Ingram agrees that this version of Twitter would be better for developers – but would it really be better for users? Unlike, say, a streaming video service, the value of a social network depends on who is using it. This is one of the fundamental problems with Google+: even if, in some ways, it’s more appealing than Facebook as an application, it’s worthless if none of your friends are there. It’ll be interesting to see how this project plays out.
More Web Marketing Highlights
While we’re on the topic of Twitter (which, as I write this, is down…):
Matt McGee reports that Twitter is getting closer to being able to offer users all their tweets for download. However, despite some recent upgrades to Twitter search capability, full-history Twitter search is a long way away. (Sigh.)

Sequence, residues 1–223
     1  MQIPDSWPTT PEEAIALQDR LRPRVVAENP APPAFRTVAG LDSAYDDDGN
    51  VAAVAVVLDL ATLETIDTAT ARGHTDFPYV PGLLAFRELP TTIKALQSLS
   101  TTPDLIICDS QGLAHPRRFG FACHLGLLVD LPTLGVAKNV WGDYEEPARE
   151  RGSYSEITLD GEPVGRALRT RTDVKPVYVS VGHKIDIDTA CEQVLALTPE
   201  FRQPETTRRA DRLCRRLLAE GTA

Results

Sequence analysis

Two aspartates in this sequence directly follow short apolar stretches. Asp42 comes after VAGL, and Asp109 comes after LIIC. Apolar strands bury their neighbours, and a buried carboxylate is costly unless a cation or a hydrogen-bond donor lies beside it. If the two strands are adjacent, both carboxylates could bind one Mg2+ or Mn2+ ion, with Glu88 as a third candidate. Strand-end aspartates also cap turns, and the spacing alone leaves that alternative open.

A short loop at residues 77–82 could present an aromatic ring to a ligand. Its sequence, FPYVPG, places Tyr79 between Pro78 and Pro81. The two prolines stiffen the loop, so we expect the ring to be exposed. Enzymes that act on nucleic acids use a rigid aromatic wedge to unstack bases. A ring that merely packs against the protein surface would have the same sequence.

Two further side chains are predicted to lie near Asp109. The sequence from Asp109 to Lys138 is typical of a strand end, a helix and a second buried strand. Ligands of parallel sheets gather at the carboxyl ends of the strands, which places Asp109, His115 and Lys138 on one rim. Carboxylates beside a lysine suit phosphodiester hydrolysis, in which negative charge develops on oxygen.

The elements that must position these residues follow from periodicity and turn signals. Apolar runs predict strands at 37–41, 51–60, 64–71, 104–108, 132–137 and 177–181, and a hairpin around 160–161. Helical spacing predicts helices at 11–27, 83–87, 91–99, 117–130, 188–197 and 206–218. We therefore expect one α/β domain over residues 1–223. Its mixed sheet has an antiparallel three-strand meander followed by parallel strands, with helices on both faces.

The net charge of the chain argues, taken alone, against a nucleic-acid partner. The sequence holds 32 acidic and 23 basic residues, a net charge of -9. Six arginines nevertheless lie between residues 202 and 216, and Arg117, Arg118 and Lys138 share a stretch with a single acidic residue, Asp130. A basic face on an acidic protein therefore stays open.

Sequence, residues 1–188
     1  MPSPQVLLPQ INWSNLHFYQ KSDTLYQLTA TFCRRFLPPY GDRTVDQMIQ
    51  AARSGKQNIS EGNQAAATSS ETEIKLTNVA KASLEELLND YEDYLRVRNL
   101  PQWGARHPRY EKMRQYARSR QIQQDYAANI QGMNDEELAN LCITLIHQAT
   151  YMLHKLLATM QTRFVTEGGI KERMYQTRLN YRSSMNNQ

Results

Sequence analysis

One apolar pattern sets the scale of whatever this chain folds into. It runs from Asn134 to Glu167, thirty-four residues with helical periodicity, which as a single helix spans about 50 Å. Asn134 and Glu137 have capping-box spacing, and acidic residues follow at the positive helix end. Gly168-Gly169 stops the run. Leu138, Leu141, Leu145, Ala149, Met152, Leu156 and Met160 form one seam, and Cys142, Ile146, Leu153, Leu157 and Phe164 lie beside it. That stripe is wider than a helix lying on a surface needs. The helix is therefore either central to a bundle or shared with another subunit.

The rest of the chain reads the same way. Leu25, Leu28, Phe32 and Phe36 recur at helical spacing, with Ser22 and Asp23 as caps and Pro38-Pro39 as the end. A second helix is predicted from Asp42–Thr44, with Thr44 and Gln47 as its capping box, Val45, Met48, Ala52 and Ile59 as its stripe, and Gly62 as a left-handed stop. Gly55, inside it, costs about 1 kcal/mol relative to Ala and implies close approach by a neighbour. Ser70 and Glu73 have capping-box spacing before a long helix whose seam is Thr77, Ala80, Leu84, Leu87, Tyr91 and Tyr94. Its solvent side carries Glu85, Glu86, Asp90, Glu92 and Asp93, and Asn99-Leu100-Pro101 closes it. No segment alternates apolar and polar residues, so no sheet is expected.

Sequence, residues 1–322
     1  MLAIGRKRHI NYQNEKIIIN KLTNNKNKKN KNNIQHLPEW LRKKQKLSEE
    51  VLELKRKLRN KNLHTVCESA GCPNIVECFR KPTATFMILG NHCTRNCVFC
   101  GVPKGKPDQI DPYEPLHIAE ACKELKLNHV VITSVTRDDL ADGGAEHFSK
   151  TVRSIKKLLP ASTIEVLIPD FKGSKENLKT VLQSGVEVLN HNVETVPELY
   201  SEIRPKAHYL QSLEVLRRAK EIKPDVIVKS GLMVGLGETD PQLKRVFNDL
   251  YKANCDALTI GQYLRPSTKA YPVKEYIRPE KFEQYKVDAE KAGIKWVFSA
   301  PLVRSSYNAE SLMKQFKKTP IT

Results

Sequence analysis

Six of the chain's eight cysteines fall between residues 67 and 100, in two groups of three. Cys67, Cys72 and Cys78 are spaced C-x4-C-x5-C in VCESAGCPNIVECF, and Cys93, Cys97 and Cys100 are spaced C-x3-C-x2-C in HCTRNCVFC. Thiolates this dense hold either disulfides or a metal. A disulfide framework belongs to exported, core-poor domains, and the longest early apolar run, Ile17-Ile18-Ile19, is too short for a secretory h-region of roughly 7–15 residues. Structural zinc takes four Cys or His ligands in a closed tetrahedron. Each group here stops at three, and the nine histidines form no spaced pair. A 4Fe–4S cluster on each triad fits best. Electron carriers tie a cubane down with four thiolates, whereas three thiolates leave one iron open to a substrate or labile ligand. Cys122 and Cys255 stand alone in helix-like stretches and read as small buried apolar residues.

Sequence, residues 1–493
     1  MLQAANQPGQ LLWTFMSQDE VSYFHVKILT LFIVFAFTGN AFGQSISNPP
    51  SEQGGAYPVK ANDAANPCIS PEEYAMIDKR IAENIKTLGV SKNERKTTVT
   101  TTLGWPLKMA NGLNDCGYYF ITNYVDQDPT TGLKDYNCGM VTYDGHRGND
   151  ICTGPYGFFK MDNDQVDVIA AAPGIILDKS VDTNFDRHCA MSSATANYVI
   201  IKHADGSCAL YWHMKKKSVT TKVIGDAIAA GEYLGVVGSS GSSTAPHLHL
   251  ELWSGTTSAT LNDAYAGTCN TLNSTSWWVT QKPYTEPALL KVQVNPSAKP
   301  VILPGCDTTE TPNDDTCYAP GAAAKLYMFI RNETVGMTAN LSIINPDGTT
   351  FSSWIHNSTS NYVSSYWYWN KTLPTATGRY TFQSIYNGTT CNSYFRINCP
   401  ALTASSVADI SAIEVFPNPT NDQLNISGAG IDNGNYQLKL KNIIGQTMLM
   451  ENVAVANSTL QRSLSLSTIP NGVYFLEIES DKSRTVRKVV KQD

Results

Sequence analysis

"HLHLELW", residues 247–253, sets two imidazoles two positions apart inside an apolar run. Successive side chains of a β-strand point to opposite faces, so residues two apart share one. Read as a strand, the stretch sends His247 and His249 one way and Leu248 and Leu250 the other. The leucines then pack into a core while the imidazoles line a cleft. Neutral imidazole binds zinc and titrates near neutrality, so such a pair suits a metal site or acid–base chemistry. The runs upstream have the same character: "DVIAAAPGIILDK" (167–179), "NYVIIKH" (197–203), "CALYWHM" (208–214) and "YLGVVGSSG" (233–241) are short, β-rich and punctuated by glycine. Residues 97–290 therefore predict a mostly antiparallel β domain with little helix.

Mat Honan at Wired explains why he decided to declare Twitter bankruptcy, unfollowing all 1,625 of his tweeps in one sweep.
Onto search and such:
David Iwanow talks about the diminishing value of keywords at Search News Central – for a single high-traffic keyword, CPC may rise even as volume for the keyword goes down.
Michael Gray offers some tips on preventing negative SEO.
SEOmoz published a big group interview on the state of content marketing , featuring content luminaries like Peter Meyers, Cyrus Shepard, Rhea Drysdale, and AJ Kohn on the cost of content marketing, content “recycling” and much more.
Link cleanups – should you even bother? Julie Joyce is on the case.
Have a good weekend, folks.